After Week of Protests, Chile's Pinera Fires Ministers, Courts Working Class


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SANTIAGO - President Sebastian Pinera replaced eight cabinet members on Monday including his interior and finance ministers, a house-cleaning aimed at taming the biggest political crisis since Chile's return to democracy in 1990.

Protests last week that spun out of control had already prompted Pinera, a center-right billionaire who trounced the leftist opposition in 2017 elections, to pledge worker-friendly changes. He vowed to boost the minimum wage and pensions, lower the prices of medicines and public transportation and assure proper health insurance.

On Monday, Pinera sacked interior minister Andres Chadwick, his cousin and longtime confidant who came under fire last week for calling protesters "criminals." He replaced Chadwick, a right-wing politician, with Gonzalo Blumel, a presidency minister and liaison with the legislature.

Pinera also appointed Ignacio Briones, an economics professor, to replace finance minister Felipe Larrain.

"Chile has changed, and the government must change with it to confront these new challenges," Pinera said in a televised speech from the La Moneda presidential palace.

The shake-up followed a week of riots, arson and protests over inequality that left at least 17 dead. Thousands were arrested and Chilean businesses lost $1.4 billion. Pinera's popularity is at an all-time low, Chileans are calling on social media for more protests this week and the United Nations is sending a team to investigate allegations of human rights abuses.

Chile, the world's top copper producer, has long boasted one of Latin America's most prosperous and stable economies, with low levels of poverty and unemployment.

But anger over entrenched inequality and spiraling costs of living had simmered below the surface. The protests that broke out last week resembled similar scenes around the world in recent months, with demonstrators from Hong Kong to Beirut to Barcelona angry at ruling elites.

Change of tone

A Cadem poll published on Sunday found 80% of Chileans did not find Pinera's proposals adequate, which he acknowledged in his speech on Monday.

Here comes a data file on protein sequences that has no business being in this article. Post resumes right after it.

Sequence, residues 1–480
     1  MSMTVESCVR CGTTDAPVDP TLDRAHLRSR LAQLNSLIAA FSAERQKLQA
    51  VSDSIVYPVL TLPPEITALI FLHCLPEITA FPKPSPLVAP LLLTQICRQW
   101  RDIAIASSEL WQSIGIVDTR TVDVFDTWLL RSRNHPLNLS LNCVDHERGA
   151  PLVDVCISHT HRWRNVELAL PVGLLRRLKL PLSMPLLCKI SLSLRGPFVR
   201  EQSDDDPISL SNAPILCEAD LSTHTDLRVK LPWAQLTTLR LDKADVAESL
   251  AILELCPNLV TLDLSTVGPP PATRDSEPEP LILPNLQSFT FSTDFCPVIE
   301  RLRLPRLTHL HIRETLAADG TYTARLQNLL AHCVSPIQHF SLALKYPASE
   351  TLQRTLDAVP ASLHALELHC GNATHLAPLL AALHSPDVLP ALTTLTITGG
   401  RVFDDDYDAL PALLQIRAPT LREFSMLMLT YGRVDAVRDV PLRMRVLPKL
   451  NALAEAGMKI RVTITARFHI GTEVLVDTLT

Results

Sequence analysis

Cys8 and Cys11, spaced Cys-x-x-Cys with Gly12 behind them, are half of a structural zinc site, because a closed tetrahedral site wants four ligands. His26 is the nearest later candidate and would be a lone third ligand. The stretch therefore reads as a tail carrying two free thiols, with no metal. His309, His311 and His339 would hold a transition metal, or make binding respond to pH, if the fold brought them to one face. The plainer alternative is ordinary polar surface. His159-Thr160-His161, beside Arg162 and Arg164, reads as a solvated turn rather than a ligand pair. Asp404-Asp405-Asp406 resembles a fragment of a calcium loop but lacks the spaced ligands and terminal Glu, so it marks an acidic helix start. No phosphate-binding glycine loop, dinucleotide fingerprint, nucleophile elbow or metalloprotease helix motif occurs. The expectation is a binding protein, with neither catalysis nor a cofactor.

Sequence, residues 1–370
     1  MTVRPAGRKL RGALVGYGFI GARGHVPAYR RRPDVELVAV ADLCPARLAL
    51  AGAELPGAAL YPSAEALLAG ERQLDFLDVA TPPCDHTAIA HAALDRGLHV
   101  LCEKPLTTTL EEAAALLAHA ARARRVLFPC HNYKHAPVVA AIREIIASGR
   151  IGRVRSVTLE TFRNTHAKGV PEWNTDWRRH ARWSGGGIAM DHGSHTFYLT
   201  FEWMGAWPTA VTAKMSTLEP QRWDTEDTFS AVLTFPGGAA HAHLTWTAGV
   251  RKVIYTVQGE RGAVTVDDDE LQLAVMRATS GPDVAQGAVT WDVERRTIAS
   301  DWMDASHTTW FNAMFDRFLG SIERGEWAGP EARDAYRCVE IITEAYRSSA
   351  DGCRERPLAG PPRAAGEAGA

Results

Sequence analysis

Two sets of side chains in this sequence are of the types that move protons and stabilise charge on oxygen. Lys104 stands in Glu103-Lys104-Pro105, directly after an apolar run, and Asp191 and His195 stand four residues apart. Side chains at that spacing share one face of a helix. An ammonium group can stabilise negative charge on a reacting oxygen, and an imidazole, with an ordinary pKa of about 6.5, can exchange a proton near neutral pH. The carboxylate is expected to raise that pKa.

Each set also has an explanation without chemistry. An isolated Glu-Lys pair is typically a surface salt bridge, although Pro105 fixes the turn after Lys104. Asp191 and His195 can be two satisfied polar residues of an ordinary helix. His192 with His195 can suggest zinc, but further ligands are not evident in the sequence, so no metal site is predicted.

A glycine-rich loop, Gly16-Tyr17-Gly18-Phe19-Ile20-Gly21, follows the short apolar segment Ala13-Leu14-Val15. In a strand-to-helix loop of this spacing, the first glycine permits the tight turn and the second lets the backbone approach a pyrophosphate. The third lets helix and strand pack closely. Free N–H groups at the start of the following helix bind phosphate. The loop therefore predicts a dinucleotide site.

"We know these measures don't solve all the problems, but they're an important first step," Pinera said.

The protesters do not have any one leader or spokesperson.

Chile's fractured opposition parties have supported the protests but have not led them.

Last Friday, a million Chileans of all stripes marched through downtown Santiago in the largest protest since the country's return to democracy in 1990, demanding a change to the social and economic model.

Many on social media were calling for another round of protests this week.

'Not over yet'

On the streets of Santiago Monday morning, Chileans returned to school or work to find traffic jams, a hobbled metro, graffiti and trash and broken glass littering streets from days of riots.

Jorge Sepulveda, a 33-year old truck driver, said the continuing unrest had hurt his bottom line.

"I don't dispute that people have the right to protest, but this is beginning to affect us all," he said as he smoked a cigarette on a street corner downtown. But, he said, Pinera's announcements had yet to satisfy him.

"He needs to listen to the people," Sepulveda said. "This isn't over yet."

Support for Pinera has plunged to just 14%, the lowest approval rating for a Chilean president since the country's return to democracy three decades ago, the Cadem poll showed.

Many have critiqued Pinera's decision to place Santiago under military control, saying the move harkened back to the grim rule of dictator Augusto Pinochet. Pinera lifted the state of emergency at midnight Monday.

U.N. human rights chief Michelle Bachelet, a Socialist and former president of Chile, sent a fact-finding mission to the South American nation to conduct an independent investigation into allegations of abuse by security forces.

Pinera said on Monday he welcomed their visit, saying, "We have nothing to hide."